Being a father has been one of the most important processes of my life. It is not the only way to be a man (Jesus was not a father and neither was the Apostle Paul), but it is a way of manhood.
When I was a boy and became a young man, I always knew I wanted to be a father, but I was also terrified of it. Would I be any good at it? Would I make the same mistakes of my own father or grandfathers? What was a good father anyway?
Now that I have been a father for over 16 years, I have a learned a few things about being a father. I have also learned enough to know that being a father does not end – ever. Once a father, always a father. I have also learned enough to know I have so much to learn about being a good father, but at the same time have learned enough about being a good-enough father.
Below are some things I have learned about being a father. It is uncertain how much these learnings could be grasped by a young man considering fatherhood (or terrified by it), so I offer these seeds of understanding that have the potential to grow in the hearts and souls of young men and become something much greater than the understanding itself.
Fatherhood is a process. It is not a one time moment of passion with a genetic contribution. It can start there, but it most certainly cannot end there. The word for that is not “father.” Instead, fatherhood is a developmental process of constant growth and change and investment. As your children grow as people, you grow as a father. The process ends not at genetic contribution (or adoption), not at high school graduation, not at the death of your child (God forbid that happens first), and not even at your own death. This process of fatherhood outlives you in the lives of your children and grandchildren.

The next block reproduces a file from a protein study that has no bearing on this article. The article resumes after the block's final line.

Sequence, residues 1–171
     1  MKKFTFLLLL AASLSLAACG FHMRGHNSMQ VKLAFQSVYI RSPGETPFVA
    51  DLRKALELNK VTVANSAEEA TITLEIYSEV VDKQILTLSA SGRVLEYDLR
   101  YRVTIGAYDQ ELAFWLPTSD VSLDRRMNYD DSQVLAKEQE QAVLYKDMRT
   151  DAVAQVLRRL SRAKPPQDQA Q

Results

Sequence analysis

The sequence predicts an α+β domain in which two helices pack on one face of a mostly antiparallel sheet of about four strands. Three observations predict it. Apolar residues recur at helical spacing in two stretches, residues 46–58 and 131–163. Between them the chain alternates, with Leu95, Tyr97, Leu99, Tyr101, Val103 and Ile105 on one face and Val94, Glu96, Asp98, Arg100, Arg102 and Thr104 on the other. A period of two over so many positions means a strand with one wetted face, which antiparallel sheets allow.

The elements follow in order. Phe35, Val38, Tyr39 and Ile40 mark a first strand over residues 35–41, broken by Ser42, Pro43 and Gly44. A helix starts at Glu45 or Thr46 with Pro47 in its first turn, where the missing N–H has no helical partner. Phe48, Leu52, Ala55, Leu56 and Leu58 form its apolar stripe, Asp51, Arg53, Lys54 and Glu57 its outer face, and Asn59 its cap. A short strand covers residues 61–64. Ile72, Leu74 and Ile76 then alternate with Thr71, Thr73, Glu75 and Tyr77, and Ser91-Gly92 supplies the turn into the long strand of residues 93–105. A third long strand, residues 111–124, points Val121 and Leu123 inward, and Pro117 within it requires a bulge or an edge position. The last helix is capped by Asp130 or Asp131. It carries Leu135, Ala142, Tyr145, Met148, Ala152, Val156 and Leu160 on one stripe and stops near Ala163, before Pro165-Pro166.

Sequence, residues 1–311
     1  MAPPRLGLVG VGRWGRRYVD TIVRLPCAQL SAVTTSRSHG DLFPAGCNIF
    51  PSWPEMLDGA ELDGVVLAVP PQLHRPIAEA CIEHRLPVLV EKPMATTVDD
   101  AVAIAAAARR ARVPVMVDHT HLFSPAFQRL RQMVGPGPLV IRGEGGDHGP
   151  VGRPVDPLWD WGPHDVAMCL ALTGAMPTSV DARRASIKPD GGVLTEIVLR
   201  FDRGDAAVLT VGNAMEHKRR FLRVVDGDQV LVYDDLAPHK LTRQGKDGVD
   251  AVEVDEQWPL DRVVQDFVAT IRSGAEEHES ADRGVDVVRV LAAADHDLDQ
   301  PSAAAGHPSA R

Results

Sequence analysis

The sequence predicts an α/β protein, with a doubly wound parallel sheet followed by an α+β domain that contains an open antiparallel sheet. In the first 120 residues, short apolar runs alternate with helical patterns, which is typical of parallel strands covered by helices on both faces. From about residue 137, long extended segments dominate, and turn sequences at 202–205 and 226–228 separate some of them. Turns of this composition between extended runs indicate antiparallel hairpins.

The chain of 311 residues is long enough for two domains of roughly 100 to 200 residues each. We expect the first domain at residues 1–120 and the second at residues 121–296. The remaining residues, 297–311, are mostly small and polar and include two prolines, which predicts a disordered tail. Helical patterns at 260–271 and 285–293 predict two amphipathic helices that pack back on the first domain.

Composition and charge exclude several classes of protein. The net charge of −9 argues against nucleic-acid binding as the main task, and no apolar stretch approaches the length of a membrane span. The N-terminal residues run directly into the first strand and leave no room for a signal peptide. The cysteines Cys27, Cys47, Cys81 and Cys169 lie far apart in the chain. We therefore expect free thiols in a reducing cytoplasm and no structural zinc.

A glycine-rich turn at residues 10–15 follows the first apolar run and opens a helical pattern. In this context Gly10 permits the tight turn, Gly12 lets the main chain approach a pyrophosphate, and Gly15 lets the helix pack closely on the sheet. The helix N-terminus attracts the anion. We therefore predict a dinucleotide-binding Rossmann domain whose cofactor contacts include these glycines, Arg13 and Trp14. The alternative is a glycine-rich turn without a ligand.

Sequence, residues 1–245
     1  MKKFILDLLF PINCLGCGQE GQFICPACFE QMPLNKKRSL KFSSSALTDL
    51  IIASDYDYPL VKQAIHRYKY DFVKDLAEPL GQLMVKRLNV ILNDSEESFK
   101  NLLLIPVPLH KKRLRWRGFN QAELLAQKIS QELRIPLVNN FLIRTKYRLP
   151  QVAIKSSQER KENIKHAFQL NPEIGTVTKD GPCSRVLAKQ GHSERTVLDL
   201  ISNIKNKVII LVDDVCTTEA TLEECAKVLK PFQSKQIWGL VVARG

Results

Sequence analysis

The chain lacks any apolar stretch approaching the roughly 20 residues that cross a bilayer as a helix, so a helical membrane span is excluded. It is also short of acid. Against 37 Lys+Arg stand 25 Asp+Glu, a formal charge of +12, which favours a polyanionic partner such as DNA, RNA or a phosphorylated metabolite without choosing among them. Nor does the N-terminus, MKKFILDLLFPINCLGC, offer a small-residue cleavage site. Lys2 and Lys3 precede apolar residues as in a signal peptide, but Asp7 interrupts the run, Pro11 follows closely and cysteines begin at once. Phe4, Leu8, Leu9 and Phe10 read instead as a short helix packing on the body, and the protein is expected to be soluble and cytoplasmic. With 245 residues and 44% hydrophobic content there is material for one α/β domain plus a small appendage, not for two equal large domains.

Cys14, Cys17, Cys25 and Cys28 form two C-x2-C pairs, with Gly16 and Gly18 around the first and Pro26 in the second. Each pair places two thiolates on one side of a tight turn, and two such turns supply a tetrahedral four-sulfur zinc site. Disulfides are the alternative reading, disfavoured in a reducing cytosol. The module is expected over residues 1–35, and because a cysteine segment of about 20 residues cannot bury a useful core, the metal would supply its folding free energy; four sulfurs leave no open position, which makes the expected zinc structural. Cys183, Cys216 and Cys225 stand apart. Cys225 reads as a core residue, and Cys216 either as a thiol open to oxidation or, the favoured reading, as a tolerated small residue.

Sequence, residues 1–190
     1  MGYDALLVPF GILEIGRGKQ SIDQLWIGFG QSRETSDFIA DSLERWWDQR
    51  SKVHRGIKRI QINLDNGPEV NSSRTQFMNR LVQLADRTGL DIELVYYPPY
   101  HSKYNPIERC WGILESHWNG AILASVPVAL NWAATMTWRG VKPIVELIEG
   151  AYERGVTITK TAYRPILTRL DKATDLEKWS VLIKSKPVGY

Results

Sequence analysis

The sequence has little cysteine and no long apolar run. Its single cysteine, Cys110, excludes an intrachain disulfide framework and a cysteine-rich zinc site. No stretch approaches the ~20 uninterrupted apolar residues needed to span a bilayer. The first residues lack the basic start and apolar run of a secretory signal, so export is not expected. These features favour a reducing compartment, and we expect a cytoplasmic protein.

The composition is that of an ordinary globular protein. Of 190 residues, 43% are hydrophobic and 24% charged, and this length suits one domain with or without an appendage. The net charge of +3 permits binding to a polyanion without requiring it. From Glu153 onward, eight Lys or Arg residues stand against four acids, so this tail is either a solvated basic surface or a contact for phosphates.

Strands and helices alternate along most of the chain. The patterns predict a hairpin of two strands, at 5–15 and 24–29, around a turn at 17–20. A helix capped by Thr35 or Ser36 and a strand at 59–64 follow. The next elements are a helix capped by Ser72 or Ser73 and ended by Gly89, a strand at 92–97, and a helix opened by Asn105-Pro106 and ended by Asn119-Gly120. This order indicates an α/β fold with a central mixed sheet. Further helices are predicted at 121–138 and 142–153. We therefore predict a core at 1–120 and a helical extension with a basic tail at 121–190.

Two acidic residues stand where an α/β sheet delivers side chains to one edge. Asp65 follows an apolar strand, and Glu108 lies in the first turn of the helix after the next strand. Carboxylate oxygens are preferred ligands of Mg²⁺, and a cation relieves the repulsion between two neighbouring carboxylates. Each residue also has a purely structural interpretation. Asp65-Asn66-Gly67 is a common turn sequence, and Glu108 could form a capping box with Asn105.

Fatherhood is opportunity. There are many diverse pathways of manhood, but there are some unique opportunities in being a father. The door is open to fathers to reproduce their own best qualities into the life of another. This is not accomplished by force, of course, but by being the best person you can be day and day out in the presence of your child. It also allows for ample opportunities for self-correction as well. Fatherhood has a unique social context that can be an opportunity to influence another person to be a great person.
Fatherhood is presence. Being presence both physically and psychologically is at least half the the job of fatherhood. Fathers who are physically present, but psychologically absent or physically absent, but psychologically present create ambiguity for their children. Chronic ambiguity can be traumatic for children. Being present in a calm and safe way with your child has a powerful effect of preventing so much negative that can happen in this world.
Fatherhood is formational. Under the ever present eyes of a child, there is a constant context of accountability that requires self-confrontation in order to grow. Being in the presence of a child, your child, forces the question of your own growth and development as a person. The reality is that a father’s growth trajectory is experienced by the child as a highly influential lesson on how to be a person. It does not determine the life course of the child, but it is what the child sees most.